Let me tell you a simple truth. Your cover letter is the most important document to help you reach the interview board.
Unless you have an engaging cover letter, few recruiters are even going to open your resume. This means, without it, you will not even get the chance to sit at the interview.
Worry not. Here, I will show you How to Write a Cover Letter that will make your recruiter keen to invite you for an interview and help you get the dream job you always wanted.
I will also share my tips if English is not your first language.
What is a cover letter?
A cover letter or a covering letter is the first document that will interact with your recruiter. As you know, the first impression matters. It is, therefore, crucial to get it perfect.
It is a three to four paragraph-long document detailing your desire for a specific job. But is not my resume supposed to serve that purpose?
So, how a cover letter is different from a resume?
Your cover letter, by any means, is not your biodata. The objective of a well-written cover letter is to make the hiring manager curious enough to read your resume and take action. It conveys your information subjectively. On the other hand, a resume is always written in an objective style.
Human Resource staffs and recruiters are usually busy people. They receive several applications every day. Most will look at your letter first and spend a few seconds. If impressed, they will open your resume. Otherwise, I am afraid; it will end up in the bin. Here is a statistics, I am reproducing from Resume genius.
So, how can you increase the chance of getting a call for an interview?
Let me tell you a secret. People do not write a cover letter seriously. Most people either write it bad or very bad. It remains full of mistakes. So, by making a few positive changes, you can significantly boost the chance of reaching the interview board.
Now, as you have understood the importance of a cover letter, how will you write one such engaging letter? What should be included? Whom would it be addressed? What are the 15 biggest mistakes which can be avoided? There are several questions, and in this article, I will answer all your queries.
First of all, I will give you some general writing tips, including things you should and should not do. After that, I will elaborate on what you need to do with an example of a covering letter. At the end, there will be links to several job-specific covering letters. I am sure it will be very helpful.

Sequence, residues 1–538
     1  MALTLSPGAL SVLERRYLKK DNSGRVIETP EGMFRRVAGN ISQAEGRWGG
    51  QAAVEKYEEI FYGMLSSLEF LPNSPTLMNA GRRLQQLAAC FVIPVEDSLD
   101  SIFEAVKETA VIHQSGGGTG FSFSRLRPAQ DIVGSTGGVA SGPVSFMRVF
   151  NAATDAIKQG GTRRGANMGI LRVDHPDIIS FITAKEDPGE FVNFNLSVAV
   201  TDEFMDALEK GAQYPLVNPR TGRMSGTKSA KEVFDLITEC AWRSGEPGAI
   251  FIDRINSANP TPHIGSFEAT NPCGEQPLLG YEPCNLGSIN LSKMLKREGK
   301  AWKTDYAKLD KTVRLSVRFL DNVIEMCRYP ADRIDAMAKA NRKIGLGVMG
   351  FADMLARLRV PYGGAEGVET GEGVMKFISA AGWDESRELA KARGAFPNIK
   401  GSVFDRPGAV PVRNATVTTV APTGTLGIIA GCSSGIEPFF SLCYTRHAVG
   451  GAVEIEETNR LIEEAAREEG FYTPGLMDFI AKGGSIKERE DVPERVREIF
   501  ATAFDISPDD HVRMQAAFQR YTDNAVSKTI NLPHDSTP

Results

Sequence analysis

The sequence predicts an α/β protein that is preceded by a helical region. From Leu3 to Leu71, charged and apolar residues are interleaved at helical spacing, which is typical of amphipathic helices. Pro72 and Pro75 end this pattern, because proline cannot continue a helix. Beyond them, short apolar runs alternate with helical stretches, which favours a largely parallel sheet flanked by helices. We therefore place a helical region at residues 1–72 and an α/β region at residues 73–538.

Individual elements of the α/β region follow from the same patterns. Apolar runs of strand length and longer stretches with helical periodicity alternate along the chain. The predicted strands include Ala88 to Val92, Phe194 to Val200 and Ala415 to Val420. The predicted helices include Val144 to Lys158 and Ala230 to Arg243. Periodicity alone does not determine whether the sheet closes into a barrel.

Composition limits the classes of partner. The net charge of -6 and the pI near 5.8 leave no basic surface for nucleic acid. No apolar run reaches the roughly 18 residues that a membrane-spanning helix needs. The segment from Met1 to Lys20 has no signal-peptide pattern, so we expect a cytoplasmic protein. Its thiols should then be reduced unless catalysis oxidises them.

Tips for writing
Keep it simple. The secret of good writing is its simplicity. In his classic guide on writing well, William Zinsser has said: “the secret of good writing is to strip every sentence to its cleanest components… clear thinking becomes clear writing.” Remove all the clutter and say what you want to say. A good cover letter should be a clear letter.
Check spelling and grammar. If English is not your native language, that is absolutely okay. The interviewer is not a grammar Nazi. They will not notice small grammatical mistakes.
While this is true for an interview, I am afraid, for a covering letter, it is not the case. Your writing must be checked for spelling and grammatical mistakes.
Here I recommend that you get your letter checked by ProWritingAid. You get additional 20% discount when purchased by clicking our affiliate link. It provides the best-in-class artificial intelligence-based system for writing correction and improvement. It detects grammar, spelling, punctuation errors, inconsistent writing style, and several other structural errors. Millions of people trust it, and a monthly subscription is not that expensive.
How long should a cover letter be?
Keep your letter brief. A couple of paragraphs, maybe half a page that is about the right length. I have seen some letters that are page and a half to two pages long. Firstly, it shows that the person is unable to express their message concisely.
Information about your background, qualifications, and experiences are in your resume. So, you do not need to mention that in great detail.
Also, do not tell them your long personal story. It is not what they want to know.